VANCOUVER – Vancouver City Council has rejected a rezoning application for a 12-storey tower in the city’s historic Chinatown district by an eight to three margin.
Beedie Development Group first proposed the project in 2013 as a residential tower. It faced sustained and significant opposition from Chinatown residents and local activist groups. Other local groups supported the project as it would bring non-market housing to Chinatown.
In the intervening four years there have been several redesigns, including the final proposal integrating 106 market-priced units, 25 units for seniors and communal spaces.
"In my almost nine years as mayor, no issue or project has yielded such a passionate, emotional response as this rezoning application for 105 Keefer. The debate over what kind of development will take place at 105 Keefer has gone far beyond that specific site, at times becoming a debate over the future of Chinatown, how we build and strengthen neighbourhoods, and how we embrace and integrate our heritage and history with modern development. This has been a very difficult decision," Vancouver Mayor Gregor Robertson said in a statement.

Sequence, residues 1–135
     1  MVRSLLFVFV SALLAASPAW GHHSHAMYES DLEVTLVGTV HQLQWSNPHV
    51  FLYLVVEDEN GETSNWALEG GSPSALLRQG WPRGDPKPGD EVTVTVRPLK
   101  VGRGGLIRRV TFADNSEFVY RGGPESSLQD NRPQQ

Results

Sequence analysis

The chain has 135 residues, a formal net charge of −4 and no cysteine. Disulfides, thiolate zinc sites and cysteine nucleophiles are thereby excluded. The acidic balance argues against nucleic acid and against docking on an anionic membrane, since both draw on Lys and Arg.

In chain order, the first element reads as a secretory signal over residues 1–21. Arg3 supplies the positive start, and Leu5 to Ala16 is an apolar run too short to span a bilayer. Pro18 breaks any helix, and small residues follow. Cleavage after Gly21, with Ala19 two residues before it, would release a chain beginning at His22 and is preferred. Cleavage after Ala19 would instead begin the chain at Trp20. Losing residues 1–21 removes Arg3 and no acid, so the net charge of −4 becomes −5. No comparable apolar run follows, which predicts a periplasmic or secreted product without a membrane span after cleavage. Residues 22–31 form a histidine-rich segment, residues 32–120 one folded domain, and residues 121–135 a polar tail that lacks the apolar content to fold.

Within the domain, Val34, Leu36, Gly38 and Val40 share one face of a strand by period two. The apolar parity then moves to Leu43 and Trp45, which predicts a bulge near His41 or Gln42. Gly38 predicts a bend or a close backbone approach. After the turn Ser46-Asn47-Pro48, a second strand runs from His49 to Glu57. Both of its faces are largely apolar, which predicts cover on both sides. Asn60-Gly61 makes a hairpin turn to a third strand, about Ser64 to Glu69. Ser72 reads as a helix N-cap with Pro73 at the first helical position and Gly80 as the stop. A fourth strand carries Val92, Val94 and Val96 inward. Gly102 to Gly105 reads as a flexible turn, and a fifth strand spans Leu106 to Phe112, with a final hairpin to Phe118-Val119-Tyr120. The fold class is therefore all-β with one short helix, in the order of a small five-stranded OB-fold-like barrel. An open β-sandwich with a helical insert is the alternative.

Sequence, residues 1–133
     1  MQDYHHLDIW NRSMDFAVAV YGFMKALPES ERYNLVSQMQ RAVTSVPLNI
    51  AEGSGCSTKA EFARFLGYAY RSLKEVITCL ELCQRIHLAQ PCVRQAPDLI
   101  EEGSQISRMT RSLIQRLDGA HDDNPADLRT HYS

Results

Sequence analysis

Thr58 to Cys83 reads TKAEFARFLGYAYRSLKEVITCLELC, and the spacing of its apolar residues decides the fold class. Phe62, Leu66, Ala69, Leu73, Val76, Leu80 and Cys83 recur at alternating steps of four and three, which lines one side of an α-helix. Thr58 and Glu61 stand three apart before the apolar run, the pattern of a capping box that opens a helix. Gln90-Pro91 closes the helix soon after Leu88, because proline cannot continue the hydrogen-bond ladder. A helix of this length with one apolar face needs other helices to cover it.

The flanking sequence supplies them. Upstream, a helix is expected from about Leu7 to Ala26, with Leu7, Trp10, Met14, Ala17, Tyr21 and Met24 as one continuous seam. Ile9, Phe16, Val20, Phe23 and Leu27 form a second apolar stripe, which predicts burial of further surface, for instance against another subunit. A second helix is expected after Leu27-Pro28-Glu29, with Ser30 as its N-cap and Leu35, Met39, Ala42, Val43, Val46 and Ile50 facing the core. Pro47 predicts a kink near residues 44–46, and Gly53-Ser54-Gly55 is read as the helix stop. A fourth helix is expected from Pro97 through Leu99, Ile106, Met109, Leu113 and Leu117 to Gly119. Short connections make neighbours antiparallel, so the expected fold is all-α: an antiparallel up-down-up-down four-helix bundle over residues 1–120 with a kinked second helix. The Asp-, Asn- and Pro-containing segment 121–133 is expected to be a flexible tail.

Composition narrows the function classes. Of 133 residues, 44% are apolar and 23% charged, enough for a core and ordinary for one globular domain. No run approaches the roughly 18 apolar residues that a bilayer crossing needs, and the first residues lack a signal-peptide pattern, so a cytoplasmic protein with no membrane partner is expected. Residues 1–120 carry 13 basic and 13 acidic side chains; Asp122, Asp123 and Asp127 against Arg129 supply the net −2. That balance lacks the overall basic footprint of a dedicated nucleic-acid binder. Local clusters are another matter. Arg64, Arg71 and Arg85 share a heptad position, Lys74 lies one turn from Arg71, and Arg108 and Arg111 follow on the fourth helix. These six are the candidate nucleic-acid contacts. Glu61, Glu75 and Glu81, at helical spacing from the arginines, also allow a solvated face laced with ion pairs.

Robertson voted against the project, citing strong neighbourhood opposition, but also said, "The Beedie group put significant effort into this project over the years with the city and community to address concerns about the proposal, and went to extraordinary lengths to adjust and revise the project based on public and community feedback."
A citizen group also applauded the council decision.
"We commend Vancouver City Council for choosing the side of Chinatown’s low-income residents over corporate profit, but the fight is not over," said Chinatown Concern Group organizer Betty Ho. "There is a housing crisis for Chinese seniors and other low-income people in the neighbourhood, and we are unwavering in our demand that this site can only be used to meet the pressing needs of our community."